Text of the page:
- Tell Great Stories – Church leaders would be shocked to know how many times a church attender gives to non-profits, because he or she does not clearly see the impact of the mission of the local church. Most committed church givers do so out of duty, habit, or obligation. Very few see, hear, and experience the stories of impact. NPO’s have clear visions that are big and engaging. The church has a budget and bills.
- Invest For A Return – 100% of church resources need to be wisely invested as resources considered holy by God and wholly committed to the mission. Every budget year most churches answer two lingering questions, “What did we do last year?” and ” How much money do we have to spend this year?” The conversation needs to begin with a clear understanding of where God is uniquely at work in your church. Then, church leaders should have a clear and tactical vision moving forward. We should never justify an expense solely because of the person leading the ministry or fear of making a change.
- Tame the Monsters – The two biggest expenses in most church budgets are staff and facilities. As a matter of fact, these two spending categories routinely create 75% of yearly expenses. We find that churches who pay their staff well, while creating a stronger volunteer pipeline, can steadily see their staff expense trend below 50% or less. When the figure is closer to 35% we see real future potential. Churches that maintain a debt load of less than 1 time their annual expenses also show few signs of financial bondage. There are certainly seasons in church life cycles where staff expense can trend above 50% and debt can be 2-3 times your annual income, but these are two places you want to avoid as a pattern.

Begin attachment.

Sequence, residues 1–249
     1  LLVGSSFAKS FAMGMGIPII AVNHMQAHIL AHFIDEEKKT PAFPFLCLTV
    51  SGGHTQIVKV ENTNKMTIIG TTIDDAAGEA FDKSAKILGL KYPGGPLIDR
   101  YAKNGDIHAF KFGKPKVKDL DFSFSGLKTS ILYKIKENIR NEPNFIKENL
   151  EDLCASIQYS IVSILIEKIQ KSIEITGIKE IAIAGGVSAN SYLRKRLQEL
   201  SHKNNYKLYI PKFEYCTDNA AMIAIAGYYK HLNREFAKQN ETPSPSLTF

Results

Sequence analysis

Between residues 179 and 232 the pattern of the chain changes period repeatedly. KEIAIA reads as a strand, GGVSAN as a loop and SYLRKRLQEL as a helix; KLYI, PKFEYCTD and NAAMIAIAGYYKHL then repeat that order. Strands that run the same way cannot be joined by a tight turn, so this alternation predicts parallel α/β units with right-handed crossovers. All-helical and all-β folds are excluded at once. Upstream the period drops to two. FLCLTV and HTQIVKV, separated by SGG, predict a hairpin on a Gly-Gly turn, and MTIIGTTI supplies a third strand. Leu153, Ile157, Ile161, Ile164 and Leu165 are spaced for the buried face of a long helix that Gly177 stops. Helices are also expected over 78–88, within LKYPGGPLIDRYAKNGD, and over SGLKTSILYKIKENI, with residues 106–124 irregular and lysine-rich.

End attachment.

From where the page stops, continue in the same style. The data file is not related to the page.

- Focused Impact – Decades ago people could revolve their lives around church activities. That is simply not the case today. Church programming is far better off when you do a few things well as opposed to many things. Focusing your resources of people, funds, and space can produce far better results than stretching yourself thin.